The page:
AlanCHecht: DIfferent TW’s…give me a minute to think…

Alan Hecht (TiddlyWiki): Here are some obvious TW uses: a user FAQ (because each FAQ answer is perfect for the microcontent approach), a personal Kilroy-type or family website page (because of the low overhead and ease of use), a blog (with dynamic linking between articles and search capability all in one file),  software manuals (that’s a new one, but it would work as the user could download the latest manual from a software site and have ALL the content in one intuitive file).
Loose Wire: interesting… the files get a bit big, tho, don’t they? that’s the javascript, i guess…
Alan Hecht (TiddlyWiki): I’ve even just seen a server-side version of TW that is a full-fledged “free for all” (anyone can post, edit, delete content) version.  This would enable for group collaboration on topics.
Alan Hecht (TiddlyWiki): TW is still pretty small (less than 200K on its own).  Add quite a few tiddlers and you’ll easily double that.  But people often wait for a 400K image to download of their sister’s kid…and with broadband you hardly notice the delay.  Plus, once the file is downloaded, there
Alan Hecht (TiddlyWiki): there’s no more wait time
Loose Wire: true…. it makes me wonder whether there aren’t a whole load of things you could do in a TW — outliners, blogging, even editing documents and bits and pieces. it seems the possibilities are plentiful
Alan Hecht (TiddlyWiki): I expect to see TW evolve more into these areas.  We’re coming up to TW’s 1-year anniversary in Sept I believe.  I discovered TW back in March or April and it’s grown leaps since even then.  Now that anyone can dev for TW, I expect these new directions to escalate.  Still TW has some limits.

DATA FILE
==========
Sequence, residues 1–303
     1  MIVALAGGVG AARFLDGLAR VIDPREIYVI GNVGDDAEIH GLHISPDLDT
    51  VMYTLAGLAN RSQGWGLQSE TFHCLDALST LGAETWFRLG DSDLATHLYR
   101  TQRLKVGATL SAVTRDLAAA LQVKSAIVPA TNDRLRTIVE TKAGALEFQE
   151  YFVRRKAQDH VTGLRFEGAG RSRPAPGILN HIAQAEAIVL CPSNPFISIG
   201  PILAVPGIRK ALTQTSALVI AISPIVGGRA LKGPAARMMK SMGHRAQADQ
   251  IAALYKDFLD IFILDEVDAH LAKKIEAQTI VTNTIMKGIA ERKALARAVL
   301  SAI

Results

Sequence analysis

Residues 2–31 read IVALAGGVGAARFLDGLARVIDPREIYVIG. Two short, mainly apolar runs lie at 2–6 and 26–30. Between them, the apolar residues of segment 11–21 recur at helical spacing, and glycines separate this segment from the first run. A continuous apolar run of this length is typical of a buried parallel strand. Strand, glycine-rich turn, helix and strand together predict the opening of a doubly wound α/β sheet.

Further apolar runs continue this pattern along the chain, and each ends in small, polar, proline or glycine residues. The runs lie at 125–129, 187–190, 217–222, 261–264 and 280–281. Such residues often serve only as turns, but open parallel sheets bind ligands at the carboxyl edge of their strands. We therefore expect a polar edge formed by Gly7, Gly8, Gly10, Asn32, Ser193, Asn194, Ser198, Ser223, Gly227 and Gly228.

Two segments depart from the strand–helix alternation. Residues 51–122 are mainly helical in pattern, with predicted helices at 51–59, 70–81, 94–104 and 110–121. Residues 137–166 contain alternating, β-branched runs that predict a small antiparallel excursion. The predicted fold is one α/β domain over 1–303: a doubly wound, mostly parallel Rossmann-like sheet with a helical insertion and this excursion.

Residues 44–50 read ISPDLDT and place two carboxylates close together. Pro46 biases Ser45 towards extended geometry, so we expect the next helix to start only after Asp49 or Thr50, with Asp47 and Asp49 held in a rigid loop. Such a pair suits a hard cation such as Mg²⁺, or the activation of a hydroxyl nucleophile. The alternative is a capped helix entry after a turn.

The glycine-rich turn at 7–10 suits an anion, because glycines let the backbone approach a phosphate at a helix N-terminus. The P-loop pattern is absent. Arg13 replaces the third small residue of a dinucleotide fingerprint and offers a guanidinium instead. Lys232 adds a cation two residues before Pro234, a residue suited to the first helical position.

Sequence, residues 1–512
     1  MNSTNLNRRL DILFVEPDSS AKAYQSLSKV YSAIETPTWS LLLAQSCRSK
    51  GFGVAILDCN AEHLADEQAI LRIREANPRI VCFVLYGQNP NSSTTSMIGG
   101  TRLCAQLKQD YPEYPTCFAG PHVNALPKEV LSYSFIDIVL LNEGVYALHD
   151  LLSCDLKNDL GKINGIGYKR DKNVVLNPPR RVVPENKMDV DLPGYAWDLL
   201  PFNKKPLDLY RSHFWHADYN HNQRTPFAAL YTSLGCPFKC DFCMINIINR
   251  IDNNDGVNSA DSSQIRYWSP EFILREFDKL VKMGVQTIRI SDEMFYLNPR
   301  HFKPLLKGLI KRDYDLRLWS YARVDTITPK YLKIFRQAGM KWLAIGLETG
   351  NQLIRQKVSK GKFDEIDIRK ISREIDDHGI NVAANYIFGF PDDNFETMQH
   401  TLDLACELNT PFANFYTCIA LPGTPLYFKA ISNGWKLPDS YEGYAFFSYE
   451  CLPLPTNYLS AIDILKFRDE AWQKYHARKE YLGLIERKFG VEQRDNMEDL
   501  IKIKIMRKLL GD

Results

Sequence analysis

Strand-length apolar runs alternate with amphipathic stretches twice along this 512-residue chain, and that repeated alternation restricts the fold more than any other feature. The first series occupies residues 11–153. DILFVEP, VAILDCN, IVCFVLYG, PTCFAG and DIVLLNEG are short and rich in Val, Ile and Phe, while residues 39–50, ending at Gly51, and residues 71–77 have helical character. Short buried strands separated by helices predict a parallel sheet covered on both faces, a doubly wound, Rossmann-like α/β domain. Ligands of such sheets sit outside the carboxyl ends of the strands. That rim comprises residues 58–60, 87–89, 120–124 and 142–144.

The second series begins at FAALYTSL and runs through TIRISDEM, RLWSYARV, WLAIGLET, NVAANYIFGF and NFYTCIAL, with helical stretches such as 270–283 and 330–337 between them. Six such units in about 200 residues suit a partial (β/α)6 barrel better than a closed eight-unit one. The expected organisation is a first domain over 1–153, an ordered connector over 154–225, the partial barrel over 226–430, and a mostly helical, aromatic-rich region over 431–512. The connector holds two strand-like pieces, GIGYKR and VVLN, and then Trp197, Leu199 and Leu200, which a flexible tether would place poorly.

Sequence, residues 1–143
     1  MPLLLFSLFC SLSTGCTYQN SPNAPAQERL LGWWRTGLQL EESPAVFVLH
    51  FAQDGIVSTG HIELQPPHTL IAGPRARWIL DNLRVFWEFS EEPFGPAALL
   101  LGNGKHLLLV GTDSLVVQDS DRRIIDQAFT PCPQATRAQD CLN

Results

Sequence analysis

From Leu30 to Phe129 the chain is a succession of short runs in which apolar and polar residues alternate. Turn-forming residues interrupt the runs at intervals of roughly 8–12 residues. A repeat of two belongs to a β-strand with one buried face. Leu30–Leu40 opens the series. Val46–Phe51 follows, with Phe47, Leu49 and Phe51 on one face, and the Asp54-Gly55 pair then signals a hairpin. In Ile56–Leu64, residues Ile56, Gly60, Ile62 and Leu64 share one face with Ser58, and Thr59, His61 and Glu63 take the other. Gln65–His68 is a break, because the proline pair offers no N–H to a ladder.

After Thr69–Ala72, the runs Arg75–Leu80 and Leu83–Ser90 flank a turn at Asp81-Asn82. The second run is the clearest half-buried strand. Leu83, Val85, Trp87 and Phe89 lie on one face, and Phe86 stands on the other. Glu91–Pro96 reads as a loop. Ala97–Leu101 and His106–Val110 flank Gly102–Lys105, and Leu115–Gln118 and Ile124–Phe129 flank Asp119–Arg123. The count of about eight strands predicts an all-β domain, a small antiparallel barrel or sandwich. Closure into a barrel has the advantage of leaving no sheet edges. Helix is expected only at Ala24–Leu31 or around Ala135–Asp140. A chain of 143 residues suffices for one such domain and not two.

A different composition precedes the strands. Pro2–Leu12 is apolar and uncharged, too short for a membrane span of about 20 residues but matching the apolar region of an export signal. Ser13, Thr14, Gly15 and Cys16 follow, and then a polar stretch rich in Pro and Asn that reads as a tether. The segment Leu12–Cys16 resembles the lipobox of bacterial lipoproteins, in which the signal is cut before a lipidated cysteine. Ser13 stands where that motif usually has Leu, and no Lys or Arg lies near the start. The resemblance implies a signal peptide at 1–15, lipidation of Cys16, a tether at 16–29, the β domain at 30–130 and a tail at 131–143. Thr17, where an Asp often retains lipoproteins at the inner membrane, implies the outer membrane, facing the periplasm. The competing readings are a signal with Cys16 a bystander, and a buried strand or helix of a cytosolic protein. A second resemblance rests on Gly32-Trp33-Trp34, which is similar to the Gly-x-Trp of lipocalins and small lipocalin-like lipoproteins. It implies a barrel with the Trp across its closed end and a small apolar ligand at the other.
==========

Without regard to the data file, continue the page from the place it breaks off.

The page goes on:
Alan Hecht (TiddlyWiki): The beauty of TW is the all-in-one file part.  The pad part is the all-in-one-file part.
Loose Wire: what kind of limits?
Alan Hecht (TiddlyWiki): I’ve heard of folks with huge TWs (for online gaming groups) that just don’t scale up that high very well.  Maybe there will be a solution.  Another limit (sort of) is we get about a post a week from folks who expect to be able to edit and save to a TW once it’s posted to a web.  We have to tell them that only the local copy can be saved unless you use a server-scripted version
Loose Wire: they think they can edit it online?
Alan Hecht (TiddlyWiki): One possibility for scaling could be to have different TWs for each large topic and link to them all from within the existing TW.
Alan Hecht (TiddlyWiki): Yes, many people think that they should be able to edit and save changes to the web-served version.  I’ve seen this asked about a dozen times in the Google groups.  TW tells you that you can’t, but folks just think TW is so easy that it “should” be able to save online.
Loose Wire: the perils of a simple looking tool, i guess!
Alan Hecht (TiddlyWiki): It only comes up with new users thought
Alan Hecht (TiddlyWiki): Anything I didn’t fully answer for you?
Loose Wire: no i think that’s good, thanks a lot. you’re right: 82,000 hits on google for tiddlywiki
Loose Wire: i’ll send you a copy of the piece once it’s done. may i post some of this chat to my blog when the column comes out?
Alan Hecht (TiddlyWiki): Check back with me if you have any other questions.  I’d be happy to help.  As most TW users are, I’m a BIG fan of this technology and of JeremyRuston.
Loose Wire: thanks for the info…